Software defined open infrastructures require architecture

Software defined open infrastructures require architecture

Open source software is taking over the world, driven by – and at the same time driving – the innovations of cloud technology. Open infrastructures have become the biggest cloud solutions that companies use for their private cloud, as well as a solid base under most of the public clouds. But the only way organizations can provide a consistent and measurable level of quality for their cloud, is by a solid design. And that is where we see that most problems arise.

Software solutions to create your own platforms Open infrastructures are almost by definition ‘software defined’. This firstly means that the solution is available as software code to run on generic hardware. But most of these software packages are not the actual solution itself: they are software to design and build the solution you think you need. With Ceph any organization can design and build a storage solution using Ceph software. Or ‘define’ a compute cloud using OpenStack or OKD. Or define a networking platform with Cumulus software.

The only way to design a consistent level of quality of your cloud platform is to design by architectural principles. To prevent exclusions, favoritism and inconsistency and resolve any conflict between these principles. And for cloud platforms, the main principle is that platform customers are able to remain using workloads no matter what interruptions or developments in the infrastructure.

Implications of architectural principles

The main cloud principle has very important implications for the design and maintenance of your platform. Some of which are that your cloud should always be able to scale out or in, add innovations and the premise that during its lifetime, any component will fail. A well defined architecture enables innovation by integrating new features such as container platforms and charge back costs to users. An added benefit of a good architecture is that it will leverage all investments in your current platform, your team’s cloud platform knowledge, datacentre facilities and hardware as well as your users’ investments in deployment templates.

At Fairbanks as well as 42on we have defined the most important architectural principles and technological rules to ensure the highest availability of any cloud services. These principles and rules have implications during all design processes and decisions. Flexibility, high availability, scalability, security, and performance of the cloud services are all mainly realized by eliminating single points of failure, design for component failures and maintenance of individual components.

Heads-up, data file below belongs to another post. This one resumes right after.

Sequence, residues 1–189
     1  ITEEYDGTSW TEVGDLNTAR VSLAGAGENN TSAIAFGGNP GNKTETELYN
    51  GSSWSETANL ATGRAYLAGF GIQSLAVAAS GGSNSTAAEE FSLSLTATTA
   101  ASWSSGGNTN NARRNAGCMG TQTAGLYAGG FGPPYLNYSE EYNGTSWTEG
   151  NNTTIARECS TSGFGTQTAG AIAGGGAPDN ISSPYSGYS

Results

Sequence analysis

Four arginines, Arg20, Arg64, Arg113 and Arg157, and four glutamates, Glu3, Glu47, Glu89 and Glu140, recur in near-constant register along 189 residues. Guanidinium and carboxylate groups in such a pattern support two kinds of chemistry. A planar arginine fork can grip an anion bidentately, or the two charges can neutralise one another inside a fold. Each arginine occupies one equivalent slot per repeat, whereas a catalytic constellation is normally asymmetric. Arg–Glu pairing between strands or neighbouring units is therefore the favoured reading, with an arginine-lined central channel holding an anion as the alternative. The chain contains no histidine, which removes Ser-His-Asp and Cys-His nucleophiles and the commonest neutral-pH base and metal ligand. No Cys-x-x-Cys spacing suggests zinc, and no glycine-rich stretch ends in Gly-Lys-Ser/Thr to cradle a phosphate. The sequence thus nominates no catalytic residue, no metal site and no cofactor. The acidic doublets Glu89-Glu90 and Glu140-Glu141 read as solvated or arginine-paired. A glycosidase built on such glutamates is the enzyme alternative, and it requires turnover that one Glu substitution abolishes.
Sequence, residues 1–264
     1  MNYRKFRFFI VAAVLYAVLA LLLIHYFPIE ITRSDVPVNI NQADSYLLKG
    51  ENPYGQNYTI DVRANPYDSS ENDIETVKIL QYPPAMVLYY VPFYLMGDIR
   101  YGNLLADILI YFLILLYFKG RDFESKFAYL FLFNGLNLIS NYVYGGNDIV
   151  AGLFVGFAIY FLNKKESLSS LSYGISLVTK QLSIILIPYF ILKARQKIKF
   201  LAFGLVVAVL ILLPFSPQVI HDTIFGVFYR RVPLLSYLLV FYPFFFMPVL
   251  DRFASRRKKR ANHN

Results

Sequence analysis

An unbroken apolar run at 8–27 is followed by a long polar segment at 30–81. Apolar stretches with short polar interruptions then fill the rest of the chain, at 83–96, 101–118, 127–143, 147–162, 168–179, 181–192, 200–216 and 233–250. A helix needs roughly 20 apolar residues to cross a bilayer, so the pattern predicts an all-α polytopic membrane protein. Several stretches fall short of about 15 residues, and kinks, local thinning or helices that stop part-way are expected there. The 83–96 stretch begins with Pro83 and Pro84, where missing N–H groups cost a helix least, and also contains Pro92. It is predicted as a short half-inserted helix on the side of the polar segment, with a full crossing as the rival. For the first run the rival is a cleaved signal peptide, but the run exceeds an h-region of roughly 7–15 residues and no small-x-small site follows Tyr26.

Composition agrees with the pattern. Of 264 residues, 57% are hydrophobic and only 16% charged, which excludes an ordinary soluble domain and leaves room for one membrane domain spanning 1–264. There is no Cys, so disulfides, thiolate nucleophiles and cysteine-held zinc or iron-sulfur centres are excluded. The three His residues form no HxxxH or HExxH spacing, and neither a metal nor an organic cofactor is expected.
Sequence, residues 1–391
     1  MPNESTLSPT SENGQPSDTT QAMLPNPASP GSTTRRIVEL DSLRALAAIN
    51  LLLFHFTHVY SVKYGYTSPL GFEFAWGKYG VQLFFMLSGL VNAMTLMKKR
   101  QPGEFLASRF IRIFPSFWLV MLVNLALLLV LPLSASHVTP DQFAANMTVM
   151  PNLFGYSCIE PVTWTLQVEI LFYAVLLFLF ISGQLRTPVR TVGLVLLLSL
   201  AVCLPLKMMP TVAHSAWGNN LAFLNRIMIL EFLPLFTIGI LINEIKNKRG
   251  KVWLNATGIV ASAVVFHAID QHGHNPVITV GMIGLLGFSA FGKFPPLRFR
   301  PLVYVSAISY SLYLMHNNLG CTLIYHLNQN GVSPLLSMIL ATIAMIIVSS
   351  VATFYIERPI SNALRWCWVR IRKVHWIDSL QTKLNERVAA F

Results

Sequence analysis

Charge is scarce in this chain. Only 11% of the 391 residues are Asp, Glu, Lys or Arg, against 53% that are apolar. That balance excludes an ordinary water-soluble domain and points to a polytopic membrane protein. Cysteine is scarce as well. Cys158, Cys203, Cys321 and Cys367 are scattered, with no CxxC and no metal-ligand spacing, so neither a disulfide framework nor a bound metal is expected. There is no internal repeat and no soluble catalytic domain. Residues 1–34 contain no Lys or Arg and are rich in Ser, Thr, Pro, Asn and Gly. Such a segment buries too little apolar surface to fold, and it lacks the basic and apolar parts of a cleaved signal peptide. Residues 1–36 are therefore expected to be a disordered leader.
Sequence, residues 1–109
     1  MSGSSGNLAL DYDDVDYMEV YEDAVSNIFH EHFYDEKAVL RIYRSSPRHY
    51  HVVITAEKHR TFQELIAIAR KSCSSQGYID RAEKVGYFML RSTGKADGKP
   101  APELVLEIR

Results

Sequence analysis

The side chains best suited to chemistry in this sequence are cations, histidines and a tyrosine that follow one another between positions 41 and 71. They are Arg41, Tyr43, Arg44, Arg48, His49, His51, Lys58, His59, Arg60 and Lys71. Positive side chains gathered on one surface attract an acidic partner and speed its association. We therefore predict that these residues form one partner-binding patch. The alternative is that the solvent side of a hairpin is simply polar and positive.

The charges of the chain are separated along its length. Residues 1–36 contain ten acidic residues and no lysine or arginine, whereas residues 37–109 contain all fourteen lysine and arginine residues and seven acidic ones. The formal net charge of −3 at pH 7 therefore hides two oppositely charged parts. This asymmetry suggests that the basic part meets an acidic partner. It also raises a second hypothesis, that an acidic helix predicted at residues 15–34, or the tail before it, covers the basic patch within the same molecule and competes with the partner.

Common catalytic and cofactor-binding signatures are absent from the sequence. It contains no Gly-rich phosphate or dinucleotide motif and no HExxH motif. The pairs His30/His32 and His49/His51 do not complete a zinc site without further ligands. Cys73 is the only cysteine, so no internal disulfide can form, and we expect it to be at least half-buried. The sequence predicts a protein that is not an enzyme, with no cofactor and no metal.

Cloud values and Manifesto

In a reference to the Agile Manifesto, we formulated our ‘Cloud Manifesto’:

We are uncovering better ways of developing software defined cloud architectures, by doing it and helping others do it.

Through this work we have come to value (amongst others):

  • Smaller components over Larger components
  • Redundant components over Singular components
  • Software solutions over Hardware solutions
  • Open source solutions over Proprietary solutions
  • Scaling out over Scaling up
  • Orchestration over Management
  • Keeping up with modern solutions over Holding on to known but dated solutions

That is, while there is definitely value in the items on the right, we value the items on the left more.

Deviating from these architectural principles and values, is off course possible due to very compelling business reasons. But before you do that, we explicitly advise you to do analyse the impact of those deviations and whether it really provides you with more business value.

Building Blocks

One of the implications of our cloud principles and values is that we use building blocks on different levels of the infrastructure, ranging from very generic to detailed and specific building blocks.

At the highest level, these architectural building blocks represent functional components like cloud services, hardware components and software components. On lower levels they represent technical building blocks, such as clusters, pools, nodes and OSD’s. We combine these building blocks through defining their relationships, to comprise a stable environment.

Not abiding as main cause of failure

It is our experience that negative experiences with open infrastructures are mainly caused by deviation of these cloud architectural principles, values or their technical implications. Do you recognize and appreciate our technical design values or are your values the other way around? Do you want to know if your platform abides to this cloud architecture? Let us know and keep an eye on this blog as I will talk about these principles in the future in more detail.